Ed Moses (born April 9, 1926) is an American artist based in the Los Angeles area and considered one of the most innovative and central figures of postwar West Coast art.
He was accepted into the Navy Medical Corps and served as a scrub assistant, assisting in operations at the San Diego Naval Hospital. Upon leaving the Navy in 1947 (age 22) Moses enrolled in a pre-med program at Long Beach City College. While very intelligent, Moses had poor memorization skills and as a result was not accepted into medical school in the United States.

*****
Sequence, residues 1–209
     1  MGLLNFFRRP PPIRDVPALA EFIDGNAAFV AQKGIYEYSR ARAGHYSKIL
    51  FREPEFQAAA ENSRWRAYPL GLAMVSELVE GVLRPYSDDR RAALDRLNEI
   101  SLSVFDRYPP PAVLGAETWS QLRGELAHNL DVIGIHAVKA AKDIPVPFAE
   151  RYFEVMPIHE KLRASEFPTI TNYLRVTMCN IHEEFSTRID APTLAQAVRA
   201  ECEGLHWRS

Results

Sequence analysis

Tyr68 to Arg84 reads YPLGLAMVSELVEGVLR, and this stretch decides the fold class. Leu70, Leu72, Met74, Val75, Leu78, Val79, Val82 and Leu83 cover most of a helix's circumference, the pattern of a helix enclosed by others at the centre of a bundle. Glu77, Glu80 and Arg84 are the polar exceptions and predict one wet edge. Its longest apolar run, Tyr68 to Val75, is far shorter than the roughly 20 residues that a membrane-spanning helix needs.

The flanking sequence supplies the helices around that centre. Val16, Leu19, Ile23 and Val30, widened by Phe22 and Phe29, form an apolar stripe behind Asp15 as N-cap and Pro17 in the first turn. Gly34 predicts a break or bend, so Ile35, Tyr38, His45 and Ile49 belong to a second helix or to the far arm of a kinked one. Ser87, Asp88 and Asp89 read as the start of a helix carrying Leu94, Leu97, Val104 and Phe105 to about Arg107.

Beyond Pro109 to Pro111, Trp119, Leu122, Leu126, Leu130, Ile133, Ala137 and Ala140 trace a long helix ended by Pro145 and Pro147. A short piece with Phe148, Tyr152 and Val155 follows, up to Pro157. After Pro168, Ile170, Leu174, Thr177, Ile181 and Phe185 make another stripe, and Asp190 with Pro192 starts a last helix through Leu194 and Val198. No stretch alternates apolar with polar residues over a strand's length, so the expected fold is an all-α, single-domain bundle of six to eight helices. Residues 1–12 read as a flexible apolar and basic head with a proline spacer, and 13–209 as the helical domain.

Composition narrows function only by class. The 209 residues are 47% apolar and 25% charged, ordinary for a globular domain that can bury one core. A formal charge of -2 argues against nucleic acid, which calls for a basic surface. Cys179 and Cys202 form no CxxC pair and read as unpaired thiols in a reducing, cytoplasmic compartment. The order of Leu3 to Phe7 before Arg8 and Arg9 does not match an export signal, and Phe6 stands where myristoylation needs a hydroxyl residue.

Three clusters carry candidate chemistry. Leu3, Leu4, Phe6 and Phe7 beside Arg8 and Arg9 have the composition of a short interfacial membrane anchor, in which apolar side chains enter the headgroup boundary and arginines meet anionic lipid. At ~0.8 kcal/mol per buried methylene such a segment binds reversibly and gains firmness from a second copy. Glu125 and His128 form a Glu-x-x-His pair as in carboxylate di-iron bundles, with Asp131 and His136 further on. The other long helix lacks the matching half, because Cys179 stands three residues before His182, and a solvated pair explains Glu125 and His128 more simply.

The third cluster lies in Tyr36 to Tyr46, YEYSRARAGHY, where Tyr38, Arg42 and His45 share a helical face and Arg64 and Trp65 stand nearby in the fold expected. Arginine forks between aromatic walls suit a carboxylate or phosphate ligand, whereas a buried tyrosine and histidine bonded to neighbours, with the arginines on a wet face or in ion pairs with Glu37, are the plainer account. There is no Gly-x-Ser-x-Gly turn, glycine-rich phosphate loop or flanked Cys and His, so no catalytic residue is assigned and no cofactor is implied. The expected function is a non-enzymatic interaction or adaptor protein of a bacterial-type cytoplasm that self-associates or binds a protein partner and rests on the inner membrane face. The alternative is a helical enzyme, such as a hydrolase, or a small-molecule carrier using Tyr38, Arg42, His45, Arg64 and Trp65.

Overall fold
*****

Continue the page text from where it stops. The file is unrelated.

Moses exhibited at the legendary Ferus Gallery in 1957 along with fellow prominent artist figures including Wallace Berman, Billy Al Bengston, Robert Irwin, Craig Kauffman, John Altoon, Larry Bell (artist) and Ed Ruscha. Over the next five decades, Moses would soar to prominence, gaining attention not only throughout Los Angeles and the United States, but internationally as well. Moses was the first to do so of his generation since John McLaughlin, Richard Diebenkorn and Sam Francis. While these artists developed a mature style, Moses has managed to resist any stylized approach and remain more experimental, playing to his curiosities by moving past what he already knows.
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